The situation in northern Kosovo remains calm although local Serbs are continuing to strengthen barricades blocking major roads in the region.
For the 18th night in a row, Serbs have kept guard of the barricades on all main roads in the Serb-populated region of northern Kosovo.
However, the everyday monotony on the barricades got broken on Sunday night after Serbia’s women’s volleyball national team won for the first time the European Championships.
Local Serbs in the north celebrated the victory by raising Serbian flags and setting off fireworks.
In the meantime, the barricade on the bridge which divides the town of Mitrovica has been additionally strengthened.
After KFOR soldiers dismantled a barricade on the Jarinje border crossing last week, local Serbs have pledged to build two instead of one for each destroyed barricade. There are 18 barricades at the moment.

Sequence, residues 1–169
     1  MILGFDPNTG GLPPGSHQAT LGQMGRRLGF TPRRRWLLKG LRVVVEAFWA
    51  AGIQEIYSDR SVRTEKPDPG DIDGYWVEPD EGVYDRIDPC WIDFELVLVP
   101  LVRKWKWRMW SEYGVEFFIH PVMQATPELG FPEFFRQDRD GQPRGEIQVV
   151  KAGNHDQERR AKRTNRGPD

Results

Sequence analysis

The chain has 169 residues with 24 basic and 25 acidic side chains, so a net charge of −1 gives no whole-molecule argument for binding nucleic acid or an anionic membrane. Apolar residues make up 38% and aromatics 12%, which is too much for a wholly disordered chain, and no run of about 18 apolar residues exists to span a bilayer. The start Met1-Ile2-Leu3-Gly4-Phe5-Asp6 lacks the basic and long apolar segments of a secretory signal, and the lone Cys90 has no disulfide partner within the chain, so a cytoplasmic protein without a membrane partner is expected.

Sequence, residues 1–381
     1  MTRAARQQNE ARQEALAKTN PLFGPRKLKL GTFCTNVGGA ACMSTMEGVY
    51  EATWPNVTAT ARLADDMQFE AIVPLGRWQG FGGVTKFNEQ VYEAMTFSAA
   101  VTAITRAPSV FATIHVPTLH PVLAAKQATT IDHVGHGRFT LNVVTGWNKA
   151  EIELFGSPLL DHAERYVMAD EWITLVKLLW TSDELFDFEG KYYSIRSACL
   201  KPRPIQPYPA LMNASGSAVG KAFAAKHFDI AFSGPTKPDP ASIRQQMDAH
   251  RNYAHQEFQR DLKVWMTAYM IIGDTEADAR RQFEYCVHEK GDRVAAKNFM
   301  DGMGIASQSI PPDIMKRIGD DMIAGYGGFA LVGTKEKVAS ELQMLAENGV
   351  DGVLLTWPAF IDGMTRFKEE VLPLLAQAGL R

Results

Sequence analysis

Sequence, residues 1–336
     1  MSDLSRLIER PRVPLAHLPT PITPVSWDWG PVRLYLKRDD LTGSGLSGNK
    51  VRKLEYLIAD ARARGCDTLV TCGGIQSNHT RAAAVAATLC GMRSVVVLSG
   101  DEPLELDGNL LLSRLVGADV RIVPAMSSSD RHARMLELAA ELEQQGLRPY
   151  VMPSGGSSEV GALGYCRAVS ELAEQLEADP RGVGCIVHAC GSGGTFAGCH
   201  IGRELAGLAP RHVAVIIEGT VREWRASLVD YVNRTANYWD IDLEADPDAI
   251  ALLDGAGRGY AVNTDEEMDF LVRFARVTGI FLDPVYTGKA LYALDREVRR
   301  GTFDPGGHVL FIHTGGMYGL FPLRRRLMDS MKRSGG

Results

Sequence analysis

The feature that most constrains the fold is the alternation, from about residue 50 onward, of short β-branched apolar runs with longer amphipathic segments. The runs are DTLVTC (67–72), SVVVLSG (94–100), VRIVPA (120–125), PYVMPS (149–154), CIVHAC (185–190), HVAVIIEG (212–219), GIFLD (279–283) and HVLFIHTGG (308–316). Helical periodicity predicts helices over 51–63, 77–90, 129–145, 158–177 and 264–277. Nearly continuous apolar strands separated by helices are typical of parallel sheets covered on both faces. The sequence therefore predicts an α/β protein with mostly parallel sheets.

The locals say all roads will remain blocked until the Albanian-led Kosovo government withdraws its recently installed customs officers from the two main border points with Serbia at Brnjak and Jarinje.
The scheduled deployment of Kosovo customs officers along with EULEX police followed the conclusion of an EU-mediated “customs agreement” between Belgrade and Pristina in Brussels on September 2.
Heads of the Serbian municipalities in northern Kosovo demanded at a joint press conference on Sunday for an independent commission under the auspices of the UN to be found to investigate the events of last Tuesday.
On Tuesday, at around noon at the Jarinje border-crossing, hundreds of Kosovo Serb protesters tried to breach a KFOR security perimeter.
A NATO peacekeeper spokesman said that NATO had been forced to adequately respond, when the violence and indiscriminate acts occurred, “shots were fired in the direction of KFOR personnel as well as explosive devices thrown at KFOR soldiers."
As a result at least 16 people were injured.